This play begins at the ending of Shakespeare's "Romeo and Juliet" but envisions a modern twist - it's a police drama, in which incompetence and political pressure rule the day. Balthasar and Friar Lawrence still flee the bloody scene in the Capulet family tomb and are apprehended by church security guards. But this time, security calls the police, who proceed to investigate the crime. The police release the friar because they can't imagine how he would be involved and instead try to pin the crime on Balthasar. The mayor, Escalus, is under political pressure to crack down on gang violence; the public defender's office is understaffed and can't deal with such a complex case; and budget cuts force the medical examiner's office to lay off the lab assistant whose toxicology work might unravel the mystery. Meanwhile, TV crews hound everyone connected with the case. In the end, the prosecutor, eager to secure a conviction in a high-profile case, offers Balthasar a plea bargain. Does he accept?
PLAYWRIGHT DWAYNE YANCEY
TALKS ABOUT "CODE 40: VERONA"
Q: TELL US ABOUT WRITING THIS PLAY.
A: I'm a big fan of Shakespeare and have enjoyed fooling around with different riffs on his work, especially trying to put them in a modern context. Plus, in my real job as a newspaper editor, I supervise crime coverage -- so the idea of looking at the police investigation into the deaths of Romeo and Juliet intrigued me. I hadn't actually acted on that impulse, though, until a high school theatre director I knew said he needed a script with a cast big enough for an entire class, and a class with a big female-to-male ratio.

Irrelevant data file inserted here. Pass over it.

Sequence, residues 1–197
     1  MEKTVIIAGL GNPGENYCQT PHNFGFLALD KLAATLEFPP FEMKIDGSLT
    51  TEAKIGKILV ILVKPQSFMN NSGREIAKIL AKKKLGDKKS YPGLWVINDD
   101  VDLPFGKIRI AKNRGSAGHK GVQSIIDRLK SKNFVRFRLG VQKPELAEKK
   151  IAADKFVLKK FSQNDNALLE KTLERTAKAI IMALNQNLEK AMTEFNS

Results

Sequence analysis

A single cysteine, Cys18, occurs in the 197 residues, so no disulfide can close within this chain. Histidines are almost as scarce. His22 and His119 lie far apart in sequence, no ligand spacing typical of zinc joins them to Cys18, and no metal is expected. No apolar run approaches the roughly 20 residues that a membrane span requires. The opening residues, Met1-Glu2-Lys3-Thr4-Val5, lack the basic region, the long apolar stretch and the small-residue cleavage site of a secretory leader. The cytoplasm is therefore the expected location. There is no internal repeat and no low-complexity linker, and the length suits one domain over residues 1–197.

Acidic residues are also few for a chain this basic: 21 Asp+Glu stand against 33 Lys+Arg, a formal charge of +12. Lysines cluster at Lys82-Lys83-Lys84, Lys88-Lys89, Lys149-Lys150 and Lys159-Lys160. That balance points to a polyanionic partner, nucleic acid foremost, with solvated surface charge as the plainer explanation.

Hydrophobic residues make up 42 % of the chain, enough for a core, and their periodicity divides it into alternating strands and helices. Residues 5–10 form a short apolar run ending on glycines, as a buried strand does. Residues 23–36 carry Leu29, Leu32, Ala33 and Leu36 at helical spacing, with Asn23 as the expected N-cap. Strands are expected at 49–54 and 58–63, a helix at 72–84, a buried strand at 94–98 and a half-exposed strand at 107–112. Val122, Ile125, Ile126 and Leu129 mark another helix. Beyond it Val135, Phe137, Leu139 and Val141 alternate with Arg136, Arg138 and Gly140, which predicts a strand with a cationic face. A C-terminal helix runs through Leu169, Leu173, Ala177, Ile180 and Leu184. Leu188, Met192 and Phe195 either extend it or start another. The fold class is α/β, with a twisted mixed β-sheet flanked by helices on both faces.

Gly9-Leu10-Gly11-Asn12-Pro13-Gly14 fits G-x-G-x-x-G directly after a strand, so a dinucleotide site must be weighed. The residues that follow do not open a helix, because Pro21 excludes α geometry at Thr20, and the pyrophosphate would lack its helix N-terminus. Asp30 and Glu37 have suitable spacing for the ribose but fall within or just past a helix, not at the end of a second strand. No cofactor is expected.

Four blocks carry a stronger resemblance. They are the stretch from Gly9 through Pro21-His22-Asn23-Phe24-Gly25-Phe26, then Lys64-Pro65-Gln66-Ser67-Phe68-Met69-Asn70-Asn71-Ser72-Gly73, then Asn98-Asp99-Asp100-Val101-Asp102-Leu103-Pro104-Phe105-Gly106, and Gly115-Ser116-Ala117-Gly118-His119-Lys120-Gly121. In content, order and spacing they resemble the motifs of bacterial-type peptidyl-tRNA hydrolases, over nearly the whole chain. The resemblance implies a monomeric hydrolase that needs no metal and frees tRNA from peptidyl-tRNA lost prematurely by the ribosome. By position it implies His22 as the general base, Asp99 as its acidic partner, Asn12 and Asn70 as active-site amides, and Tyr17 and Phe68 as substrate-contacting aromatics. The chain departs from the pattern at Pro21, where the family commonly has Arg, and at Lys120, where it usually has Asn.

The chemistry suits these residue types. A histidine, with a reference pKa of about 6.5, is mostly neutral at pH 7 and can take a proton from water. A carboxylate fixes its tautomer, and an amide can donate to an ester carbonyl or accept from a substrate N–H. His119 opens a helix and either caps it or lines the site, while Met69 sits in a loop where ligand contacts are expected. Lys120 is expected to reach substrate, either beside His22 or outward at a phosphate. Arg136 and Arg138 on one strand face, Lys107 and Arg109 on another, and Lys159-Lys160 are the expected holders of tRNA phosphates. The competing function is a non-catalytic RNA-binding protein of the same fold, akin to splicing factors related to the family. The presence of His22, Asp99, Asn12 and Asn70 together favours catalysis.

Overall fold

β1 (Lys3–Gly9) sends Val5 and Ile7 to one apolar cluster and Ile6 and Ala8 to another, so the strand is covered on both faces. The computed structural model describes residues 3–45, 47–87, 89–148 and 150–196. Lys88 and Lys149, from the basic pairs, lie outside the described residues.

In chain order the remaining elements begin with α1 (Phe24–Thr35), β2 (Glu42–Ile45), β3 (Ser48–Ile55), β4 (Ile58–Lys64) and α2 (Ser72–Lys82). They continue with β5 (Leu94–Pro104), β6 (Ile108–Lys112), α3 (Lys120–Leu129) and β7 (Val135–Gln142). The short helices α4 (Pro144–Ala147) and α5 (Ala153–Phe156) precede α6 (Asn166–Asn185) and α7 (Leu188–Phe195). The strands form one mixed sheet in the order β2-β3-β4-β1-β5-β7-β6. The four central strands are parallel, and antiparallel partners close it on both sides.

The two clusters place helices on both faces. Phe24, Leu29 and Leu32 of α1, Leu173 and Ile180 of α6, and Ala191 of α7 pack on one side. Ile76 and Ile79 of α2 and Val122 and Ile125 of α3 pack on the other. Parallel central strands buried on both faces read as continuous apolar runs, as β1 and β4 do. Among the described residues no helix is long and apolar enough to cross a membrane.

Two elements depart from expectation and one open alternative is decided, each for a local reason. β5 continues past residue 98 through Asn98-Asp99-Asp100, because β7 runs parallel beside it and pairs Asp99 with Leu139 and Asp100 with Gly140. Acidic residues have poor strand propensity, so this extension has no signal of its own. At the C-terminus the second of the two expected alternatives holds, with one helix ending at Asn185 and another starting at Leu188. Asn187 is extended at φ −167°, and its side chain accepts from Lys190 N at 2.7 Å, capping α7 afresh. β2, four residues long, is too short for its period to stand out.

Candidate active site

Q: WHAT INSPIRED YOU TO WRITE THIS PLAY?
A: "Code 40 Verona" appears to be a light and superficial, and it is to an extent. But beneath the surface, there's a lot of darkness, and that's one of the things I like about it. More than most plays I write, this one incorporates references to a lot of things I'm familiar with. By day, I'm a newspaper journalist, and I've worked either covering or supervising coverage of politics, crime, and courts. A lot of that life experience finds its way into the play. It critiques how the media sometimes hypes things and blows them out of proportion. It critiques how politicians are driven by polls. It looks at how the criminal justice system is overburdened, especially the forensic labs. In the play, everybody except one gets things wrong. I'm not much of a believer in conspiracy theories; instead, I've seen how bad things happen through incompetence or inattention or incorrect assumptions. That's what happens here. And the only person who figures out correctly what really happened to Romeo and Juliet is ignored. That's one of the lab scientists, and she loses her job in a round of budget cutbacks. I like to think that Shakespeare would appreciate that kind of tragic undercurrent.
Q: WHAT'S YOUR FAVORITE PART OR LINE IN THE PLAY? WHY?
A: I'm not sure I have one special favorite. In general, the ones I like best have some basis in things I've seen as a journalist over the years. So, I like the scenes where the mayor is re-assuring his backers that the polls don't matter; I like how the mayor manages to step in front of the TV cameras to get in front of the story. And I especially like the scene where the prosecutor is trying to pressure the public defender into having the defendant accept a plea deal. It's a serious part in what is otherwise a lighthearted play but also reflects how the real world works.